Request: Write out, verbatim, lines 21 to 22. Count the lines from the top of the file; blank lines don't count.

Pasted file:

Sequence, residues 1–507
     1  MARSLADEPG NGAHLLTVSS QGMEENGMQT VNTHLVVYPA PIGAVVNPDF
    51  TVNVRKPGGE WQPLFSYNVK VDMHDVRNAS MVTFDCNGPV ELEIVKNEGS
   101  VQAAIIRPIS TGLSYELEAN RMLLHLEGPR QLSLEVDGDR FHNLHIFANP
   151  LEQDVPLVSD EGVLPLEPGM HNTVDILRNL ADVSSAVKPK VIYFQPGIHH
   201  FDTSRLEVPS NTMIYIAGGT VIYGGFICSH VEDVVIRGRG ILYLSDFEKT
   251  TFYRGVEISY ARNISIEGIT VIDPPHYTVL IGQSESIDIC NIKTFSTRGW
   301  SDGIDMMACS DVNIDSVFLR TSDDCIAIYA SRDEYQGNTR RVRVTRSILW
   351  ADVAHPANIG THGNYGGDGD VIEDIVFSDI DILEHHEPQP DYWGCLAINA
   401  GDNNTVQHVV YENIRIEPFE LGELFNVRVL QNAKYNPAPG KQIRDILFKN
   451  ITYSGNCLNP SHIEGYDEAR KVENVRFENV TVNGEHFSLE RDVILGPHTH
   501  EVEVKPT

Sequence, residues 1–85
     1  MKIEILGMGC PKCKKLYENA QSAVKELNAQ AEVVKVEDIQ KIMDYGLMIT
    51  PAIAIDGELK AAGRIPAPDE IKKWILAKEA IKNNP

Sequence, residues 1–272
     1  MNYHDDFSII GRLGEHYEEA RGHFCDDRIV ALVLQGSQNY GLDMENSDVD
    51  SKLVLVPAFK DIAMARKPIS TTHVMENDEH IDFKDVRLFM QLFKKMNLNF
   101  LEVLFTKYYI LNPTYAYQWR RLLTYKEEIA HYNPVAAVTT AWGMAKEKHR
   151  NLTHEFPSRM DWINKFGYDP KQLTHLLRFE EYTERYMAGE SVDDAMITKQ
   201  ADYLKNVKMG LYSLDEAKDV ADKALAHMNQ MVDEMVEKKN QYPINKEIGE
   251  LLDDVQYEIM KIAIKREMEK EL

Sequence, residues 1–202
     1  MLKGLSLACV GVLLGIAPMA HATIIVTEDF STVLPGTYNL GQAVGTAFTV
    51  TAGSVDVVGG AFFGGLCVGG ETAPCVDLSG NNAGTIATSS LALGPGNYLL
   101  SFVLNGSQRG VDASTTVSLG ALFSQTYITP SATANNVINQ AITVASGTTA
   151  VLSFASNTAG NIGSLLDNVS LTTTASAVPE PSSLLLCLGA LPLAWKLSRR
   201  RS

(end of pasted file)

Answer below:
   201  ADYLKNVKMG LYSLDEAKDV ADKALAHMNQ MVDEMVEKKN QYPINKEIGE
   251  LLDDVQYEIM KIAIKREMEK EL